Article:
I just don’t understand lack of support from dairy states
Why are there so many dairy states that are not supporting Congressman Thompson’s dairy bill HR 1861? For instance, the state of Michigan is continuing to grow in milk production. Yes, they want more milk plants built there, however there is not one member of Congress from Michigan on this bill!
This bill would allow schools the option of serving whole milk at lunch time, both flavored (usually chocolate) and unflavored (whole white milk).
New Mexico, where 150 dairy farmers (plus or minus a few) have by far the largest yearly average of production of milk of any other states. Again, no support of Thompson’s bill.
Oregon and Washington State are key dairy states in the Northwest, but again, no members of Congress from that area have signed onto the Thompson HR 1861 bill.
However, California is the granddaddy of all the states. They have either 53 or 54 members of Congress in the state, with only 4 members of Congress on the bill. The sad part is that the dairy farmers in California produce around 40 billion pounds of milk per year. This is the largest of all the states. Even worse, is the fact that California’s class I sales that are used for the state runs between sixteen and eighteen per cent.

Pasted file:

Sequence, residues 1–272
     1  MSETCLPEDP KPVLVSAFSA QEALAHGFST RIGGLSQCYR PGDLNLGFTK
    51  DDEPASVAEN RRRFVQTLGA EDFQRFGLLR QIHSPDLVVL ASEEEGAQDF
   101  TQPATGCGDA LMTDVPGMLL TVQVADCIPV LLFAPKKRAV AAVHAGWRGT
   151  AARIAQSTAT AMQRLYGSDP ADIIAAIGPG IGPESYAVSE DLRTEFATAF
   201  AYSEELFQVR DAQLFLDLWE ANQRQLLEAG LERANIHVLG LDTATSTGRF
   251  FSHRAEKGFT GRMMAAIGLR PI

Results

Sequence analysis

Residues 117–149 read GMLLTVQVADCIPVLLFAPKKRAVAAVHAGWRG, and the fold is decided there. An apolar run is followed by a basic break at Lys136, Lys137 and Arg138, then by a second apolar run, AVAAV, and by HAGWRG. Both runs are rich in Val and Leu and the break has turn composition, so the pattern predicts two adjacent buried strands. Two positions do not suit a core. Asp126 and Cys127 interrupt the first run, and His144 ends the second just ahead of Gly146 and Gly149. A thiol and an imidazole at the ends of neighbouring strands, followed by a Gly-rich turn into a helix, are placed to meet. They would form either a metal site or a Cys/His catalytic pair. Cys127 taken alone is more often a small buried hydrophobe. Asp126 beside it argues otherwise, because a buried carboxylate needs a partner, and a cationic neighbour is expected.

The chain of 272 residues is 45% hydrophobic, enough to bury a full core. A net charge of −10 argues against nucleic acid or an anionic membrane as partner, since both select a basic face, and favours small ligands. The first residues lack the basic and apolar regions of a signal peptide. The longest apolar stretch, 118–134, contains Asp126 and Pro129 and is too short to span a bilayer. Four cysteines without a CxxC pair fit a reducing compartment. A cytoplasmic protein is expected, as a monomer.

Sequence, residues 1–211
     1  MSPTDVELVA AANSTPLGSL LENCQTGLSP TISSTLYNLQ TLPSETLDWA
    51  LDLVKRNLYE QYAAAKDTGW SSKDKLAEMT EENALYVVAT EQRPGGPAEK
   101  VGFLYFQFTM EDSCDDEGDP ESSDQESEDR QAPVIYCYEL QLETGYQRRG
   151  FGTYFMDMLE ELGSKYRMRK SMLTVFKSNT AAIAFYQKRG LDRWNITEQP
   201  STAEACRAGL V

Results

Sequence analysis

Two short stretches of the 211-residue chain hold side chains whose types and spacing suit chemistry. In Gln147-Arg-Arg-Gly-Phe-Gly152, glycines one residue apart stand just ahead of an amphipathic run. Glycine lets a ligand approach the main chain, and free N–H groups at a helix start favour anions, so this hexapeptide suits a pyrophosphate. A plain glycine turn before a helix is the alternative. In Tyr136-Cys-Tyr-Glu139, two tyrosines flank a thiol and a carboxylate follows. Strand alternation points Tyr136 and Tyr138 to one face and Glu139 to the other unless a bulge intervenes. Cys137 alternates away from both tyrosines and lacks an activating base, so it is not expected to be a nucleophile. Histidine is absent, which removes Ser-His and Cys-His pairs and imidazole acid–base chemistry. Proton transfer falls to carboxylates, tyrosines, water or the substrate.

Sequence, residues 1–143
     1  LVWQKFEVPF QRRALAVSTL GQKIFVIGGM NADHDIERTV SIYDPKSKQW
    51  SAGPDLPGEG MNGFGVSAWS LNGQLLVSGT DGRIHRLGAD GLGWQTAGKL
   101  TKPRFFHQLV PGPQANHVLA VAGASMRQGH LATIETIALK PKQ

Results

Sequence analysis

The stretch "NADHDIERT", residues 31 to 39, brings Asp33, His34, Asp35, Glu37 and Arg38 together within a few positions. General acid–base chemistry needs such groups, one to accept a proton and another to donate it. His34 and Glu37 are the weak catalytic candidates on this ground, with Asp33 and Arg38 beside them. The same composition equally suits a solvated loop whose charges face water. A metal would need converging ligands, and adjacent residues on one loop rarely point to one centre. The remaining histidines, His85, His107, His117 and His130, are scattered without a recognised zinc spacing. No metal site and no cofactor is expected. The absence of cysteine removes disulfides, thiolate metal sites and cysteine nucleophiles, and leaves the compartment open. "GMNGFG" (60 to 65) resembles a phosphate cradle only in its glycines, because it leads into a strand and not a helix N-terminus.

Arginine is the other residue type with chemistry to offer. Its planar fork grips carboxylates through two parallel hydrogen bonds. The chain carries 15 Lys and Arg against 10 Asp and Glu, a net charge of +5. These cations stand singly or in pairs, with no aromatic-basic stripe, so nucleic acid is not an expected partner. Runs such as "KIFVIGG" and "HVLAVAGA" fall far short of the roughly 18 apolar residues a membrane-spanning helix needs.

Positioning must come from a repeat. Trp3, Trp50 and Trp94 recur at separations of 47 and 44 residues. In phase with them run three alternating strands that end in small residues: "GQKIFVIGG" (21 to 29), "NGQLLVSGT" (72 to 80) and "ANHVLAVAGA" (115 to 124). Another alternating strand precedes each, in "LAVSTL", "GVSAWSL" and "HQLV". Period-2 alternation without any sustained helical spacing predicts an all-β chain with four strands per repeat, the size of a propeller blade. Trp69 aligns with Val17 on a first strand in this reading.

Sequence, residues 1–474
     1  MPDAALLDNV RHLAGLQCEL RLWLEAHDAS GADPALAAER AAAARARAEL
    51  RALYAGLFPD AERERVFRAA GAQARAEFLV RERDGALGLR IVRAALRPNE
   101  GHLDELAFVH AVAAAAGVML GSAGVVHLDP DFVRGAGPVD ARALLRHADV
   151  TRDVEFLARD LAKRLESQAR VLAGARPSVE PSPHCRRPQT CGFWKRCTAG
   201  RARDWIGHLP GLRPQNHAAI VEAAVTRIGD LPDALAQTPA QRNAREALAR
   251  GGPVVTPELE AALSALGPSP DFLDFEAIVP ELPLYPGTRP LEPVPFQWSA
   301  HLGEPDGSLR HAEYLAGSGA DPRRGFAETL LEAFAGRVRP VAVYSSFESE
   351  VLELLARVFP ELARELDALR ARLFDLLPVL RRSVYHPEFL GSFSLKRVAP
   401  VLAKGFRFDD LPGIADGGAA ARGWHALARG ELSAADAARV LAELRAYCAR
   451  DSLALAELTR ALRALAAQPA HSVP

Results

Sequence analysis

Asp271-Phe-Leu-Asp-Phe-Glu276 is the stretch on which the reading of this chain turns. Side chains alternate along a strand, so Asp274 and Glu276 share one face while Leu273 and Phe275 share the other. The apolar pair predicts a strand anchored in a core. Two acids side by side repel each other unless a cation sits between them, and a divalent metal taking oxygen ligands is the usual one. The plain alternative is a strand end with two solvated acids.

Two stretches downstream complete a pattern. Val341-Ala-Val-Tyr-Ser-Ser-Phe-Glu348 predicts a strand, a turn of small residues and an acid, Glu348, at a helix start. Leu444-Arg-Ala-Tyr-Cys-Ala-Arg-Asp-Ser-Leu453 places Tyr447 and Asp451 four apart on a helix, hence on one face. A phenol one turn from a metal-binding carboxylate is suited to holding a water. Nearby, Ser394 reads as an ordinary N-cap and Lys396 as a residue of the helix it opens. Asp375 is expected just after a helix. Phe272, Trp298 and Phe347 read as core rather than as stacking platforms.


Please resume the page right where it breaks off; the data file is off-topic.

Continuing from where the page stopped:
The other day I called John Rossi, a good friend of mine in California. John said, “Many dairy farmers in California have very little awareness of Thompson’s dairy bill.” Immediately he would start talking to some key dairy farmers and try to obtain more support for Thompson’s bill. For instance, there now are three members of Congress from California who have signed onto HR 1861.
Senator Pat Toomey: Recently I was invited to a dinner meeting hosted by the Wyoming County Chamber of Commerce. Senator Pat Toomey, R-Zionsville, was a guest speaker. I was able to get the first statement and questions to the Senator concerning his dairy bill. This bill was introduced in 2019. I also told the Senator about the dairy farmer crisis facing most dairy farmers. The Senator said his dairy bill has to be reintroduced, and regarding whole milk to be placed back in schools, he said, “Whole milk is far better for our kids than the other drinks being offered to them.”
At the present time, one of our members and myself are conversing with a major college in Pennsylvania regarding the fact that coaches and trainers are telling their athletes they should give up all other drinks, and utilize only whole chocolate milk.
We may have more information about progress on the issue within the week.
Arden Tewksbury is manager of Progressive Agriculture Organization based in Meshoppen.